In general, there is one inherent danger to accepting in-kind donations: you might receive some in-kind donations that you have no use for.

Imagine that there is an animal shelter nonprofit that accepts in-kind donations from its supporters. One supporter contributes their old puppy crates. A veterinary clinic in your area provides heavy discounts for vaccinations and examinations of rescue animals. Then, a third in-kind donation comes in: a supporter wants to donate their already-open dog food. While the first two donations are very useful for the organization, the last one is a health and safety violation for the organization.

The trouble with these donations is that they’re generally given out of the goodness of the supporters’ hearts, but they’re just not useful for your organization. You run the risk of two outcomes:

  • Throwing away the donation made by the supporter, which is a waste for everyone.
  • Declining the donation and appearing ungrateful.

Luckily, you’re not doomed to accept one of these two negative outcomes associated with in-kind giving. Your nonprofit can preemptively decide which donations are acceptable and most helpful for your organization, share those options with your supporters, and only accept those gifts that are most helpful without appearing ungrateful.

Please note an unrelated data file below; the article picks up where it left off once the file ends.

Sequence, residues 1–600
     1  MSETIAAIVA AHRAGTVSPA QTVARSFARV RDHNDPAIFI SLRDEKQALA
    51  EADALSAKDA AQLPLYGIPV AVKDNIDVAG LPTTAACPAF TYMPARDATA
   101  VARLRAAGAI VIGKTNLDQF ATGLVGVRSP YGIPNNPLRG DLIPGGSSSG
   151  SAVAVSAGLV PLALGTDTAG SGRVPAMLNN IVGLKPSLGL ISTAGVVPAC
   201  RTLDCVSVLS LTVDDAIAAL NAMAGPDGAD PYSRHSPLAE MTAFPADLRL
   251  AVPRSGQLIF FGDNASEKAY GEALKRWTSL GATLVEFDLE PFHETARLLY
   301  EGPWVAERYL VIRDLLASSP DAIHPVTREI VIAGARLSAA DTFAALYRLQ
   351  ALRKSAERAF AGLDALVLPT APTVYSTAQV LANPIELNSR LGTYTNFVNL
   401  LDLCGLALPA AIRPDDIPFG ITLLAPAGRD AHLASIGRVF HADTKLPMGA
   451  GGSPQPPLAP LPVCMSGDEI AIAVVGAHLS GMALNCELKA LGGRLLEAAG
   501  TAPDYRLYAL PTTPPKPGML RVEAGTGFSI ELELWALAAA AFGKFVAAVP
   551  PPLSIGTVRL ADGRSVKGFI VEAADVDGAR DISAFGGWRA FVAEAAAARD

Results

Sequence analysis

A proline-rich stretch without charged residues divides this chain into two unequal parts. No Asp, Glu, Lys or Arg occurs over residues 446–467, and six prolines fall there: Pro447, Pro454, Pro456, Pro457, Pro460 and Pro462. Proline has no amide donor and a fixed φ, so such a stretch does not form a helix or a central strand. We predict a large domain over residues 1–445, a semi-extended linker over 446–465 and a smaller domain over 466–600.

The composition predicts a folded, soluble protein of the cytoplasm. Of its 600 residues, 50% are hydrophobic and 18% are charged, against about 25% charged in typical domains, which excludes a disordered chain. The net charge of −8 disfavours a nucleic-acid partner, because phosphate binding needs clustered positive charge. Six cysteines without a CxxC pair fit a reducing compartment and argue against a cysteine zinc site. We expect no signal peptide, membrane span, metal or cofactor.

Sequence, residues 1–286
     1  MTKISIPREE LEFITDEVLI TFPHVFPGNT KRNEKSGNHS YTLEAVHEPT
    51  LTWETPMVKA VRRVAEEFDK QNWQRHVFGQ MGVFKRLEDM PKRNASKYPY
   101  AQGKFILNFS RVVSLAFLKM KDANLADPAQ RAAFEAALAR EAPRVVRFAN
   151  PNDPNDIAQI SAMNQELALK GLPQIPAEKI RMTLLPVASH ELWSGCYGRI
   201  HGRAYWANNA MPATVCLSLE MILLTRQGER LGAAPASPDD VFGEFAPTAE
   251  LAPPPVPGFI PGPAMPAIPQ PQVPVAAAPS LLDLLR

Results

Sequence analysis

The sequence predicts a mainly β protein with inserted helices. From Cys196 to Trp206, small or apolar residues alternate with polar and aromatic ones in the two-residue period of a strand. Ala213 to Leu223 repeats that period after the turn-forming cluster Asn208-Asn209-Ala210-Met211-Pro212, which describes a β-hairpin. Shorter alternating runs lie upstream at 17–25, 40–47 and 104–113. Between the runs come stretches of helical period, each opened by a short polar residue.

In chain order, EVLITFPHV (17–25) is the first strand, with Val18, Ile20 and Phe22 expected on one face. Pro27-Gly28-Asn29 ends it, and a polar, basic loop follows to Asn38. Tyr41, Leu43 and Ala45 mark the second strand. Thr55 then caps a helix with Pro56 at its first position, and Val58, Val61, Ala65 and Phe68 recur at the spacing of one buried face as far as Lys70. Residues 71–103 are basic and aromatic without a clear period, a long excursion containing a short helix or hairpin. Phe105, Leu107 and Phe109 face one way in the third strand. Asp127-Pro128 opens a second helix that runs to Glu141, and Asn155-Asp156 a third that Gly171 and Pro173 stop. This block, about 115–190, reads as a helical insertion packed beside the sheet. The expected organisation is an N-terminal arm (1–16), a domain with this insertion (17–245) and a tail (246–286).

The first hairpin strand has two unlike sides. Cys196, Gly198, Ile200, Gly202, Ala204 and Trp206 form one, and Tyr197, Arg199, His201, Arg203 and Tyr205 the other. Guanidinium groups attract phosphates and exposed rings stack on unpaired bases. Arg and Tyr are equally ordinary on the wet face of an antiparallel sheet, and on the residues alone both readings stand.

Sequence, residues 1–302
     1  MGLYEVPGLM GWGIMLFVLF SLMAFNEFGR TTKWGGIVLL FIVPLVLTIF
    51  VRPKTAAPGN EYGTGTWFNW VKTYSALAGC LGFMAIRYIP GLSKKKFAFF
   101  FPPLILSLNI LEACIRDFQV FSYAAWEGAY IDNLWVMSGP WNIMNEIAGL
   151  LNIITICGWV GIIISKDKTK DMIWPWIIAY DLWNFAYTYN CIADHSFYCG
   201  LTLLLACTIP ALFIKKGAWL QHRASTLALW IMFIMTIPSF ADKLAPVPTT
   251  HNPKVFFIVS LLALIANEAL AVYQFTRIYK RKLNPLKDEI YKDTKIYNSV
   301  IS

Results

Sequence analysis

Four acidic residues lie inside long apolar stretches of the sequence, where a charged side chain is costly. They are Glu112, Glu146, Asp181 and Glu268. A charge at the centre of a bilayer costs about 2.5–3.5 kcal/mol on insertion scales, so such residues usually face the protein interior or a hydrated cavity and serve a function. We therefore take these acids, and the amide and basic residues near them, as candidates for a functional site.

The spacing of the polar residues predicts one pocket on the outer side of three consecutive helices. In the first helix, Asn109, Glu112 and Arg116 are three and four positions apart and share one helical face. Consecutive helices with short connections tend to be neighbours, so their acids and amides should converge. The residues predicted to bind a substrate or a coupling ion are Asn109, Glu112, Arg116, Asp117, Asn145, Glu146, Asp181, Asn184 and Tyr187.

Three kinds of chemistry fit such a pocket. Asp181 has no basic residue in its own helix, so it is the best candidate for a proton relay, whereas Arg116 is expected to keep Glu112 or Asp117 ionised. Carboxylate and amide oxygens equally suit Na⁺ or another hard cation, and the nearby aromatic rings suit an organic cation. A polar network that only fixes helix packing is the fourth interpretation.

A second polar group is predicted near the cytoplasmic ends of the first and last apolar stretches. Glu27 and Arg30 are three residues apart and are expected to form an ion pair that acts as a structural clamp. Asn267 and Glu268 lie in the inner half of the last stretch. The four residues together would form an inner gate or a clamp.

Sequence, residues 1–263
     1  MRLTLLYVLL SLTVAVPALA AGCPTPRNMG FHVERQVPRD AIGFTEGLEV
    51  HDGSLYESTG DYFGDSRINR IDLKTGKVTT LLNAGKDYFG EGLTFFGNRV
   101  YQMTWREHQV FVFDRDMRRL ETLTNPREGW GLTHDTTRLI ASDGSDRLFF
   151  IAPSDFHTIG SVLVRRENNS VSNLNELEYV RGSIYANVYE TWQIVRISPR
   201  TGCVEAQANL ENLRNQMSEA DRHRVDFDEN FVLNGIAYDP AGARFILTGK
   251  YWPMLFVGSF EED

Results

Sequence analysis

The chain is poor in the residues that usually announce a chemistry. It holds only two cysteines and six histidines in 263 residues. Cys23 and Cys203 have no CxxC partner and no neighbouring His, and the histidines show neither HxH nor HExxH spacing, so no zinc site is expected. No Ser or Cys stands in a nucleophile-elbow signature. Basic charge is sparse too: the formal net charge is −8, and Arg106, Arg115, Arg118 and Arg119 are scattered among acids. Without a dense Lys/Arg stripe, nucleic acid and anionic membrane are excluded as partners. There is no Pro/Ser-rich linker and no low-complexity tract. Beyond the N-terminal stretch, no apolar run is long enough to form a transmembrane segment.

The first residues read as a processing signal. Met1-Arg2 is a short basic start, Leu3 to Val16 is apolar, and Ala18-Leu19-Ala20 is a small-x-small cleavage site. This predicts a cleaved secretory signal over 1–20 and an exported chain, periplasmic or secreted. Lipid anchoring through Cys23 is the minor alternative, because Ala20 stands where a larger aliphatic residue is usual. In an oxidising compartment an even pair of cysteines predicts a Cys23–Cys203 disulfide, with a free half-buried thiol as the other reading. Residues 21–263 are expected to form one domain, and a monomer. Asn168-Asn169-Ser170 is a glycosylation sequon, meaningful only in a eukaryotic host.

In-Kind Donation Gift Acceptance Policies

In-kind donation acceptance policies allow your organization to define which contributions will be most helpful for your mission and set those expectations with your supporters. The outcome is that you have grounds to refuse a gift that would not advance your mission, while still showing gratitude for the offer made by supporters.

Plus, gift acceptance policies can speed up an otherwise delayed process as your fundraisers or staff members try to determine what should be done with unusual contributions.

The other benefit of these policies is that you can actually encourage additional in-kind donations by setting one. Many supporters won’t realize the difference they can make by giving in-kind until you tell them what it is you need.

When the animal shelter from the last section explains that they need additional collars and leashes from their supporters, they’ll likely have a whole slew donated! If supporters don’t realize that’s a need, they may not think to donate them. Your gift acceptance policy isn’t just telling supporters what not to give, but it can provide some direction as to what they can do to make the greatest difference for your mission.

Often, the types of gifts that are considered “acceptable” from nonprofits include:

  • Cash (check, credit/debit, ACH, cash, etc.)
  • Professional services (graphic design, web development, bookkeeping, writing, marketing, event planning, etc.)